Disney explores ABC, FX, Nat Geo future as CEO Bob Iger admits linear TV ‘definitely broken’

The Bear is from Disney’s FX

Disney CEO Bob Iger is exploring the future of its linear TV assets such as ABC, FX and Nat Geo, admitting that they “may not be core” to the business.

Iger, who signed a new two-year deal at the Mouse House earlier this week, told CNBC during an interview at the Sun Valley media conference that having replaced Bob Chapek last year, he found a company “facing a lot of challenges, some of them self inflicted.”

Disney has since restructured and made three major waves of cuts, slicing 7,000 jobs and $3bn from its content spending, but Iger said the main focus now is on addressing the company’s linear TV business, with ABC, FX and Nat Geo.

Iger said that Disney is being “open-minded and strategic about the future of those businesses”, with private equity firms – some of which are already invested in local linear operations in the US – providing one potential group of buyers.

“They may not be core to Disney. There is clearly creativity and content they create that is core to Disney, but the distribution model and the business model that forms the underpinning of that business – and that has delivered great profits over the years – is definitely broken.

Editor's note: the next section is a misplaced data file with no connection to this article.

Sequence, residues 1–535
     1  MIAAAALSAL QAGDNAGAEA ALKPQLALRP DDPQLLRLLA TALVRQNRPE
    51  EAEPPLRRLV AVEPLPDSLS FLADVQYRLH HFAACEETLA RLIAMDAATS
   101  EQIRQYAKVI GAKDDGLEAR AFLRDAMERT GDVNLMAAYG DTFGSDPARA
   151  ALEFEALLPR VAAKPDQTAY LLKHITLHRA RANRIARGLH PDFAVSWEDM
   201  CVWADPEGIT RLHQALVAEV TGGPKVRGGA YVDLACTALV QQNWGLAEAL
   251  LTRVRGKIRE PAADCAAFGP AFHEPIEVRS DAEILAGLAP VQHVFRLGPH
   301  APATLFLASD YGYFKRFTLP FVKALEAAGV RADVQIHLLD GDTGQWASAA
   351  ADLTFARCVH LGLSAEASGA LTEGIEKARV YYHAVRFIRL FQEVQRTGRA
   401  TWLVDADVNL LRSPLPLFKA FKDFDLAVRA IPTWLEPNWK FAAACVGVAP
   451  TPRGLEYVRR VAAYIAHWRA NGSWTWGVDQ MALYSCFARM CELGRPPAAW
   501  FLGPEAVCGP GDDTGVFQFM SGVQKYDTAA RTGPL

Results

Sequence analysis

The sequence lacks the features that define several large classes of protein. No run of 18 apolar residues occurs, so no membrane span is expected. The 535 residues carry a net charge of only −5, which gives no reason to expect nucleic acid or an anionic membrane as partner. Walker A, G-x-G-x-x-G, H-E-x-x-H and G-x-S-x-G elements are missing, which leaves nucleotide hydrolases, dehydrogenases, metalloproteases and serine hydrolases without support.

LR: Bob Iger & Bob Chapek

“We have to call it like it is. That’s part of the transformative work that we’re doing.”

‘Disruptive forces’

Iger picked out sports network ESPN as a different case that continues to perform, but added that he has been surprised by the speed of the decline of linear over recent years.

“When I came back one of the things I discovered was that the disruptive forces that had been preying on [the linear] business were greater than I had thought.

“It was eye opening and it is something we have to come to grips with. And we have to come to grips with it now.”

The CEO’s comments came a day after it emerged Disney is exploring the future of its Indian TV and streaming business, with a sale or the addition of a joint-venture partner among options being considered.

Iger also weighed in on the US writers’ and actors’ strike, describing their respective demands as “adding to the challenges this business is already facing”.

He said the Writers Guild of America and actors’ union SAG-AFTRA were not being realistic and added that the current post-pandemic years are “the worst time to be adding to that disruption”.

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